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22 days: not so silent night

December 5, 2014

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One of the lesser publicized facts of a white Christmas in Minnesota (and just about anywhere in the Midwest) is dry air in homes and businesses. For a family riddled with allergies and sinus issues, there are definitely aspects that are not as appealing as idyllic Christmas cards of still, snowy nights. A few days ago, I purchased a humidifier for our upstairs to help with the onset of my seasonal plague of nose bleeds. Don’t get me wrong I am happy that I live in a warm (and draft-free) house on the prairie; yet, I am fully prepared to take counter measures.  I do, however, have to be very careful about which humidifier I choose because one daughter is off-the-charts allergic to mold. So there’s the rub – to find a humidifier that helps moisten the air but doesn’t moisten the air too much!

Perusing through the selections available, I purchased the one that seemed to fit best with the needs that we had. Here were the highlights of the one that made the cut:

  • Provides cool air (I am at an age where hot air is not on my wish list, unless of course, I’m going up in a balloon.)
    • Can provide moistened air to up to three rooms (exactly what I need)
  • 96% mold and bacteria free (due to UV light attachment. Well why not!!!)
    • Lasts for 36 hours (less filling and refilling!)
  • Quiet operation, fan will not interrupt sleep (Bonus!)

While I was gone for the evening, my sweetie unpacked, assembled, filled the water reservoir, and plugged ‘er in. When I got home, he was watching TV in our bedroom by the glow of the UV light sanitizer, which really had the effect of a fish aquarium for ambience. When we shut down the news, I knew we were in for a long night. I will be honest and say the light was mildly annoying (as I like it pitch black to sleep), but “quiet operation” must be industry code language for not as loud as a rock concert but definitely as loud as a jet engine.

Did. Not. Sleep. A. Wink.

As I lay awake, I started thinking about all the other purchases I had been duped by in my life. Nail art kit for kids was disastrous at best. Buns of Steel video in the 80’s could have been better labelled as a torture device. And my personal favorite was the first grill we ever purchased.

One Friday our best friends invited us over because they had bought a new grill and said if you help us put it together, we can all have a cook-out. Whipped it out the box, put the grill on the stand, and fastened two nuts and bolts, and we were cooking with gas. Literally. It was such a great evening we decided we too needed a grill. Off to the store, we found one similar to our friends with the same “Easy to Assemble” sticker on the box. Pork chops purchased, we raced home to assemble our new grill. Thank the good Lord we did not reciprocate the previous day’s plan with our friends. We opened our box to find 273 pieces and a 20 page manual of instructions. It took three days to complete. “Easy to Assemble” – my left toe!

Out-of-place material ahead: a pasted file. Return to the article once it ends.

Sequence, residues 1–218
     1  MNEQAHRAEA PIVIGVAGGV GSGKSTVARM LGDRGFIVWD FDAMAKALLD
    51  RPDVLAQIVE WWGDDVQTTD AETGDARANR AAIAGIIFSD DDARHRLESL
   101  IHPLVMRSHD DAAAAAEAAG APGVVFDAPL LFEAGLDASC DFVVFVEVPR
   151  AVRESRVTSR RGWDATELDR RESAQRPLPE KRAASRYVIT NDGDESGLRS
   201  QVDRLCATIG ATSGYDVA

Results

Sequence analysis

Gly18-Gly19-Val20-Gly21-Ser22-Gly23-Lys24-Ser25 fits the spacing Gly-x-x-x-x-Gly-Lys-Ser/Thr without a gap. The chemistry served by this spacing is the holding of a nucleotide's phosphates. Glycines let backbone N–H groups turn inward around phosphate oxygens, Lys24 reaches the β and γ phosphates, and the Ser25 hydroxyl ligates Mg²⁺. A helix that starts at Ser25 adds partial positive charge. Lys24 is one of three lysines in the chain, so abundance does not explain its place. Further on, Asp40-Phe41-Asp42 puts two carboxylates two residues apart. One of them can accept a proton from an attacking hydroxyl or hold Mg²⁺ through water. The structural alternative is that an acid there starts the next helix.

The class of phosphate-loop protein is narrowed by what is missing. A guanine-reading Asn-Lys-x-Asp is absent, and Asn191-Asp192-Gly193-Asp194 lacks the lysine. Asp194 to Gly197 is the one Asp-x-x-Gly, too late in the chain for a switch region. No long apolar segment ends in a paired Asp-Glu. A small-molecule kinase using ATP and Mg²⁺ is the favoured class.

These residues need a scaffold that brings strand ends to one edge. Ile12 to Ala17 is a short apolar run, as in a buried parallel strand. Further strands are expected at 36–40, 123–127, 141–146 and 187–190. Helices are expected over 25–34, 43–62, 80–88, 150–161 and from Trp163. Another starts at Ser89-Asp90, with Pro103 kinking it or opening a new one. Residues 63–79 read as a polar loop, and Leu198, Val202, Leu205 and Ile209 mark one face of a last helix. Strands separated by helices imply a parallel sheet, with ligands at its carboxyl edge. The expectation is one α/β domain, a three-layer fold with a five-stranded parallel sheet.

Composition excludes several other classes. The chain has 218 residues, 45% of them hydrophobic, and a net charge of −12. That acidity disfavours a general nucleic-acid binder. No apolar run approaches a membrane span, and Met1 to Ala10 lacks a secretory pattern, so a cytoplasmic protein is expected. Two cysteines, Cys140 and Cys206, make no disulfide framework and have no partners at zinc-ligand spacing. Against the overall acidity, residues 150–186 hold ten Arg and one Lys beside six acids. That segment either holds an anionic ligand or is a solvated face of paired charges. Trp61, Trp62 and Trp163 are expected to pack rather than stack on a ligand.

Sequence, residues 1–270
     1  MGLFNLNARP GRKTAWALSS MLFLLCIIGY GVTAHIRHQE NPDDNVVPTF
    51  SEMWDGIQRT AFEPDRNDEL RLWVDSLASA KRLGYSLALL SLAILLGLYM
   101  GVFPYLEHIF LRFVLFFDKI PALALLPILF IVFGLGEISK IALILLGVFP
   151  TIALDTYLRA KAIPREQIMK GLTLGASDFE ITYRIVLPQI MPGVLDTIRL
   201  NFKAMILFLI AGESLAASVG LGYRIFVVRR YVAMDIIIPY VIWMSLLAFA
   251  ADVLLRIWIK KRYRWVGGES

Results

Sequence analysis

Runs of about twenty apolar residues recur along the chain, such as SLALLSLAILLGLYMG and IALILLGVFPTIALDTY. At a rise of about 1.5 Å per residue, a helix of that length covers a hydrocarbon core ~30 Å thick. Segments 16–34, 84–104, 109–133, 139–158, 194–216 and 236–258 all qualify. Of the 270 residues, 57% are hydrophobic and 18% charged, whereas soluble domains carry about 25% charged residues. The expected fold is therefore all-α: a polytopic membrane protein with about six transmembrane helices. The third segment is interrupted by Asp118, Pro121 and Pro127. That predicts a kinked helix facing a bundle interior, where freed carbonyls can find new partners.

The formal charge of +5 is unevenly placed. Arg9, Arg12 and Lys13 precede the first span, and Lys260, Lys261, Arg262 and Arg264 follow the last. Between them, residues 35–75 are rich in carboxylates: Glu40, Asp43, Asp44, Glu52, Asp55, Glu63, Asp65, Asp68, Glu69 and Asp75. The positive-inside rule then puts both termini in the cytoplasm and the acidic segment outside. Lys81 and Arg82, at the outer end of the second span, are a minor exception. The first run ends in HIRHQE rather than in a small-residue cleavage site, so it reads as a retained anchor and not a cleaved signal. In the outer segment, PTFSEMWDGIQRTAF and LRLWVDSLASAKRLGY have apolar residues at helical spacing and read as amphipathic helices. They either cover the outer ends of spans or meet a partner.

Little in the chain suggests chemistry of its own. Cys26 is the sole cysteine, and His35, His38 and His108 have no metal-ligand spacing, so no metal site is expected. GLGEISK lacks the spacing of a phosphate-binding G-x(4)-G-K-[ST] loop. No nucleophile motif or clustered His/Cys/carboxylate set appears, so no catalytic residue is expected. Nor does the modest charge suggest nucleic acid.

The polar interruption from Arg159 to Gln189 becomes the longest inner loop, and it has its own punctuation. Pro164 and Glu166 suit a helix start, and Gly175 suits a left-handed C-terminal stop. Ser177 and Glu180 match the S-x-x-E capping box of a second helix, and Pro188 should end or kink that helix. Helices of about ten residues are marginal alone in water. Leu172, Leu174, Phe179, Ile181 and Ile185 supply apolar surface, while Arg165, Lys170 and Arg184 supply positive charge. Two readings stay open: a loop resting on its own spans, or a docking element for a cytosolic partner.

When I returned the humidifier to the store this morning, the customer service lady asked me if it was defective. I explained it worked according to theory, but not according to needs. She could hardly contain her laughter when I blurted I probably would have gotten more sleep if howler monkeys resided in my bedroom. She read the box, gave me a understanding nod, and smacked a “Defective” label on the whole thing.

As I stood there waiting for the money to be returned, I realized how much like the misguided purchases in my past I had allowed my previous Christmas joy to be snatched away by flashy labelling, smoke and mirrors marketing, and shoulda’s (You should do this. Or you should buy that for your kids. You should have this.) I think you get the picture.

It was a pretty convicting moment.

When I pause and truly reflect, my favorite holiday memories are always about the simple things, and yet, I have been fooled more than once into believing I needed more of this or that to create a happy Christmas.

In reality, I don’t need anything more to be happy, and my kids don’t either. Why do I (or anyone else) allow the noise of the world to disrupt my heart’s contentment like crashing cymbals? I think my pledge to be present (even if it is the little moments this advent) is really rubbing off. So even though I have been functioning on no sleep, I have spent most of the day thankful for the realization of all the blessings I have, including the opportunities I have to spend with people I love.

And I am MORE than okay with that knowledge bringing peace to my mind and good will to my soul, especially if  it brings me closer to sweet sounds of a baby wrapped in swaddling cloths, lying in a manger.

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